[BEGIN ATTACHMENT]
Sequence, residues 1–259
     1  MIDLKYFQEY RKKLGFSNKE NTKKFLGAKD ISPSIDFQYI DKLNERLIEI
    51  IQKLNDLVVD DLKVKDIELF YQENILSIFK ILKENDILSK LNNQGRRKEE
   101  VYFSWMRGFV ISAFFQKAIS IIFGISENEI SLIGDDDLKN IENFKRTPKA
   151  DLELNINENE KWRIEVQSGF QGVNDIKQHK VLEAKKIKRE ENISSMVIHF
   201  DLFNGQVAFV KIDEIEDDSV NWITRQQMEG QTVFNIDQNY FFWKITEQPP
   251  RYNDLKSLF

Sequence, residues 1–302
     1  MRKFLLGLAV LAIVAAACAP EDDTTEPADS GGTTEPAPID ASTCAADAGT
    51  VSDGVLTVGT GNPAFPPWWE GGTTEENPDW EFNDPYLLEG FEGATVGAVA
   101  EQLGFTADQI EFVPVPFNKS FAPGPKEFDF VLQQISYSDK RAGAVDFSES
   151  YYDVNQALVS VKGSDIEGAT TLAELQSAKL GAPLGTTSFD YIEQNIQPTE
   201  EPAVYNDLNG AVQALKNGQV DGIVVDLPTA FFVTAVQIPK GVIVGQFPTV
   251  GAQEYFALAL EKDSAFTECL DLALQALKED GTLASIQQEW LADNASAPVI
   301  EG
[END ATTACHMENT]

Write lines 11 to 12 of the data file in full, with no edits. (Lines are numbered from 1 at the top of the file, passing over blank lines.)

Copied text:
   101  EQLGFTADQI EFVPVPFNKS FAPGPKEFDF VLQQISYSDK RAGAVDFSES
   151  YYDVNQALVS VKGSDIEGAT TLAELQSAKL GAPLGTTSFD YIEQNIQPTE